Topic: The RCR
In an appendix to the War Diary of The Royal Canadian Regiment for August 1916, Lieutenant Frank Dickson, in writing Notes on the History of the Regiment, stated:
Our buttons and cap badge have V.R.I. on them. These letters stand for Victoria Regina Imperatrix which being translated, means, Victoria Queen and Empress (of India). Now this distinctive mark was given to us by the late Queen Victoria which is one of the facts of which we are most proud. The Militia Department of Canada have always tried to take it away from us, but, in spite of all, we have retained it and we all sincerely trust that we shall continue to do so.
After the death of Queen Victoria in 1901 until the coronation of Queen Elizabeth II in 1953, the British throne was occupied by Kings. Each time the sovereign changes, it is tradition that "Royal" regiments which wear the Royal cypher as a regimental emblem, whether on buttons or badges, change their accoutrements as each new sovereign chooses the stylized crown and cyphered initials to represent their reign.
During the reign of King George V, and that of King Edward VII before him, The Royal Canadian Regiment, having been granted the privilege of wearing the Royal Cypher by Queen Victoria's, or a version of it [link Crowns Cyphers etc], resisted the change to the cyphers of the new sovereigns. For 18 years, except for a period of cease-fire in the staffing endeavours during the Great War, The RCR sought influence and approval to retain the Victorian designs. From 1901 to 1919, although the official regimental badges were those with cyphers of Edward VII and George V, The Royal Canadian Regiment continued to wear the Victorian cyphered badges as well as see the "King's badges" produced and distributed by the Militia Department.
Photos of officers of The Royal Canadian Regiment wearing "VRI" badges during the First World War can be found, but less common is clear evidence that soldiers of the Regiment claimed and wore the same badges as their own. We do know that every soldier was instructed in the Regiment's preference for the Victorian badges, as shown above and in a 1917 regimental history pamphlet penned by Major Harry Cock:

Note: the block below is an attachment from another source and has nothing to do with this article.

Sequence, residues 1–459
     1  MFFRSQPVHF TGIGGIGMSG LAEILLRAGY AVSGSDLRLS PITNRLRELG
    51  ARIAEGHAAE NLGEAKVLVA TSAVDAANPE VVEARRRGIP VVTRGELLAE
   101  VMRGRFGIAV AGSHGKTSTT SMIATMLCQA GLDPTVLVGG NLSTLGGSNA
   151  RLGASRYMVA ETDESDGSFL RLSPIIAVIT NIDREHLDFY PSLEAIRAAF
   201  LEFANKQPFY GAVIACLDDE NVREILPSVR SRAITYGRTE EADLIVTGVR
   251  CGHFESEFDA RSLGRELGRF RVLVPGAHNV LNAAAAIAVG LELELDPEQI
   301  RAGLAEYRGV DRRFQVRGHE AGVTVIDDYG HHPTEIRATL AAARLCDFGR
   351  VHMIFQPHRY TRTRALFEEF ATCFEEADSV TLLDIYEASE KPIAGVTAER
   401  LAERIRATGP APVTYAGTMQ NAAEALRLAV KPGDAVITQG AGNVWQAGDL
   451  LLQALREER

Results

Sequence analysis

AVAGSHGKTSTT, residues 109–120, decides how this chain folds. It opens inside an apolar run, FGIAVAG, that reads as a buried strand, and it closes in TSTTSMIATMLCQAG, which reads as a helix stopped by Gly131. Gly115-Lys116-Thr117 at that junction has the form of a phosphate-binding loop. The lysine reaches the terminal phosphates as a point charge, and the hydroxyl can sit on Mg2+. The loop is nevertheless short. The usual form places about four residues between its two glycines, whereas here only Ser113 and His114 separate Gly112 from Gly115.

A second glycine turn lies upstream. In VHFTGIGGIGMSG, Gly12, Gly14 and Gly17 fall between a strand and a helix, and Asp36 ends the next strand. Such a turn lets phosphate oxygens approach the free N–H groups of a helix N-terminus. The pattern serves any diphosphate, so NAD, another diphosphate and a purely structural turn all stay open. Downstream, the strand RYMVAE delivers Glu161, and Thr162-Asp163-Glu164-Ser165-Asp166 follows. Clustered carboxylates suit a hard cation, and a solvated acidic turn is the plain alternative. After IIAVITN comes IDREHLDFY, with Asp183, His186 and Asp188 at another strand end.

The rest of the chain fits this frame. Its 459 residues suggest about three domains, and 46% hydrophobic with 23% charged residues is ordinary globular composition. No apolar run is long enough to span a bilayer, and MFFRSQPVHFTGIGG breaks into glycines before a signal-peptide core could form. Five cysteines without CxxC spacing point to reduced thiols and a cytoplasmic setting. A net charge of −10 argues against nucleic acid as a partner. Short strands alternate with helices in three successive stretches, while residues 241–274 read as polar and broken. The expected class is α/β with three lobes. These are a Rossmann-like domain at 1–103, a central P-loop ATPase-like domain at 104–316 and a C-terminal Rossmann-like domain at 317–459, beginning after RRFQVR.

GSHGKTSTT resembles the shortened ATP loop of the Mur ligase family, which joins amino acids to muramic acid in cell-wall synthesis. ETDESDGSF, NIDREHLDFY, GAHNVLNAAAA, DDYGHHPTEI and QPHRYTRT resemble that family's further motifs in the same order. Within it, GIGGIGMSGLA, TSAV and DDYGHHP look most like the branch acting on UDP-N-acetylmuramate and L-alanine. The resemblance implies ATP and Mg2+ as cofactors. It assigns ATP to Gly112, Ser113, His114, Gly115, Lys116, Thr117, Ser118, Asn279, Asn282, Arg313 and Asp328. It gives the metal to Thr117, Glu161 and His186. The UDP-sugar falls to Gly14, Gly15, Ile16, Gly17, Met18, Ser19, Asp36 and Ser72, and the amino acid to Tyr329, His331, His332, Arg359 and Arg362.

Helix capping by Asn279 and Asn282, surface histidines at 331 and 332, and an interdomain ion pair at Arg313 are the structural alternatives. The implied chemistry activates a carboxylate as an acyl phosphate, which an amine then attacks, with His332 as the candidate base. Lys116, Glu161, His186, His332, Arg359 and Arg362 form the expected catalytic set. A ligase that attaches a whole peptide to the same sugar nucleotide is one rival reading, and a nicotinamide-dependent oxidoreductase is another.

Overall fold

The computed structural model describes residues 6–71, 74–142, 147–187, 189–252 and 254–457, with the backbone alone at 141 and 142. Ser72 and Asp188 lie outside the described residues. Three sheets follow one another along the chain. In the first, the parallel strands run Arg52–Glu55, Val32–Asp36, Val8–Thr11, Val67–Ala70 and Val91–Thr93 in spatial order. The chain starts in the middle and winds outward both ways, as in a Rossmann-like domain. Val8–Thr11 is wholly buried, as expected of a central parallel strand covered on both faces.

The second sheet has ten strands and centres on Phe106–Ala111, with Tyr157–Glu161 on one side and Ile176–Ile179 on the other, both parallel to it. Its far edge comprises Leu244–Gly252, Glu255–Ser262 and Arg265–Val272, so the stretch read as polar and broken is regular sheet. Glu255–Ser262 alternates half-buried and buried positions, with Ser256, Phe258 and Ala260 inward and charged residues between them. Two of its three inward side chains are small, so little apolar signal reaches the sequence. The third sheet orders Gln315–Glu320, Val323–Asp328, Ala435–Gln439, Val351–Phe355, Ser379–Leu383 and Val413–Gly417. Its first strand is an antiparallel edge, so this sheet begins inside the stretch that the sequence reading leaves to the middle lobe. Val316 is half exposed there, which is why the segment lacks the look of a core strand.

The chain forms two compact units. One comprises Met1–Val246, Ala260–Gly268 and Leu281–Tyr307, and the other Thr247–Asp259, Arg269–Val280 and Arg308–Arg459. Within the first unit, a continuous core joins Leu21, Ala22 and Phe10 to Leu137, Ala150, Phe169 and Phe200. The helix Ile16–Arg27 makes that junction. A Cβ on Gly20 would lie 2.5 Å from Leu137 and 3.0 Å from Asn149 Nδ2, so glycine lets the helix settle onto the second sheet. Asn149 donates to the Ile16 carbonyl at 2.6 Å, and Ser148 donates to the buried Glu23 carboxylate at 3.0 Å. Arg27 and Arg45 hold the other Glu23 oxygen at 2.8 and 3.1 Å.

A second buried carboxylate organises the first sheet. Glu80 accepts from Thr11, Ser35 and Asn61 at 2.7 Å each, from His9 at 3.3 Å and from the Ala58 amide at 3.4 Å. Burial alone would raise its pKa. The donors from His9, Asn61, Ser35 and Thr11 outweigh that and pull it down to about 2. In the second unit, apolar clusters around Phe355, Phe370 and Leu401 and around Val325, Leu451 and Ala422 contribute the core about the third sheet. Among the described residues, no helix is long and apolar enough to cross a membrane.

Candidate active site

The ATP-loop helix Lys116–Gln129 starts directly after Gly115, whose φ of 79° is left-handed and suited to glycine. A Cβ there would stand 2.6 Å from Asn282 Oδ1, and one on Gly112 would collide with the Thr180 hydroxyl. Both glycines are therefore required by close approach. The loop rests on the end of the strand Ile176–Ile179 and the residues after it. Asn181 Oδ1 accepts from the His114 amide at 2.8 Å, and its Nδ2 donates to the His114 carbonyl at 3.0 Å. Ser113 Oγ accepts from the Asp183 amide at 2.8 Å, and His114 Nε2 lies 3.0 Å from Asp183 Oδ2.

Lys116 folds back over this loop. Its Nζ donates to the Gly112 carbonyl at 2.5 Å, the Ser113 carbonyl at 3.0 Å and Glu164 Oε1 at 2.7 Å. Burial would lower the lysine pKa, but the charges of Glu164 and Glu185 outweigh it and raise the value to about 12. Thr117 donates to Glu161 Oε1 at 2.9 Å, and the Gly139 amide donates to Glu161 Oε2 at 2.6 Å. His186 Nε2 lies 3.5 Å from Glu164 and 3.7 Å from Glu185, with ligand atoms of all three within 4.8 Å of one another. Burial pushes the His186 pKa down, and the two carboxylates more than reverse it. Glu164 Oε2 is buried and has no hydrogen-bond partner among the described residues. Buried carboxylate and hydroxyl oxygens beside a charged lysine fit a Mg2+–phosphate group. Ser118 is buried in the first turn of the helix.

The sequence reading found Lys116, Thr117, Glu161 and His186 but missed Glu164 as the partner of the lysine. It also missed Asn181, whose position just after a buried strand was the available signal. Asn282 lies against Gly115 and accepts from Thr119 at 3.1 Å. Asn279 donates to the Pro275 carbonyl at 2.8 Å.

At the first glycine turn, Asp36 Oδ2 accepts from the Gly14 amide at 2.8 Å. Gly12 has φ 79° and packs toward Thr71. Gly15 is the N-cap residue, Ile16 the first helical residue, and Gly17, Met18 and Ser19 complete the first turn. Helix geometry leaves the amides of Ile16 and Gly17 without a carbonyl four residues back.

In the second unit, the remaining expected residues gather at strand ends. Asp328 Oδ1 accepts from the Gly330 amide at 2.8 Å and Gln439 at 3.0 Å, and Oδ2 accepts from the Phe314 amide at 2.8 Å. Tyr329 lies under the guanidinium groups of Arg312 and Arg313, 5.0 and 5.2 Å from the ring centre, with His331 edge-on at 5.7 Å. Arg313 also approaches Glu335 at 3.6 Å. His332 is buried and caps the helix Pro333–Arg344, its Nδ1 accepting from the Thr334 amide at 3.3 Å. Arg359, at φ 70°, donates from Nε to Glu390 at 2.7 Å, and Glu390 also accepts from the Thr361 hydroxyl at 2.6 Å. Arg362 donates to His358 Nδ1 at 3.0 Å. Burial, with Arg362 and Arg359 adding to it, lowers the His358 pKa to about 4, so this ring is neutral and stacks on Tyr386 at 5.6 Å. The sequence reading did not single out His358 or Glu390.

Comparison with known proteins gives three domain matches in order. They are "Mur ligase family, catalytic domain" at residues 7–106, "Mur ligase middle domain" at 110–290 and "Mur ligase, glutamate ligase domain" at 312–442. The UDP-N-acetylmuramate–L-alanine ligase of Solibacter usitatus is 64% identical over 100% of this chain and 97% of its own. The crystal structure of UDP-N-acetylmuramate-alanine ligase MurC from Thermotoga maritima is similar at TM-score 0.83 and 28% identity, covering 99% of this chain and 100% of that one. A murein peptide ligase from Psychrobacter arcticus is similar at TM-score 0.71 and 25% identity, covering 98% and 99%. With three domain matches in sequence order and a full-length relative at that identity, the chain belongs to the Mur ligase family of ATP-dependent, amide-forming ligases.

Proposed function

In 1892 the name of the Regiment was changed, to the Canadian Regiment of Infantry, and the following year, on the occasion of Her Majesty's Birthday, the Queen approved of the Regiment becoming a Royal Regiment, known as the "Royal Regiment of Canadian Infantry," and granted permission for Her Imperial cypher, V.R.I. (Victoria Regina Imperatrix), with the Imperial crown, to be worn as a badge.
The photos above show a unique example of a soldier's "VRI" badge. This badge was worn by 427443 Pte Sidney Pearson Leach. We know it was his badge because, in order to mark it as his own, he scratched his service number onto the back of he badge.
Sidney Pearson Leach
Sidney Leach was a 43-year-old printer from Weyburn, Saskatchewan, when he enlisted with the Canadian Expeditionary Force on 4 January 1915. An immigrant born in Manchester, England, Leach reported no prior service on his Attestation Paper. Leach enlisted with the 53rd Canadian Infantry Battalion, this unit was disbanded after arriving in England and its soldiers absorbed into the CEF's reinforcement system.
On 8 Jun 1816, the day that Sidney Leach was take on the strength of The RCR, the Regiment absorbed 199 new soldiers that day. 81 of these men, like Leach, were from the "Infantry Pool," although only three had original 53rd battalion service numbers. The other soldiers joining that date were taken in from the 45th, 59th and 61st Reserve battalions (33, 44 and 41 men, respectively, from each unit).
Sidney Leach's war with The Royal Canadian Regiment would not be an overly long one. By 15 November, five months after arriving, he would be reported as evacuated to England (Sick) aboard the Hospital Ship Dieppe. he would not return to The RCR in France.
Having survived the war, Leach would die on 9 August 1954. He is buried in Mountain View Cemetery, Vancouver, BC.
Leach's badge is an interesting and intriguing connection to his service on the battlefields of the Great War. Interestingly, as a reinforcement to The RCR, Learson would not have acquired the badge at one of the regimental stations as a long service soldier may have. Instead, he must have acquired the badge, as well as an understanding of its preference within the Regiment, during his own service overseas.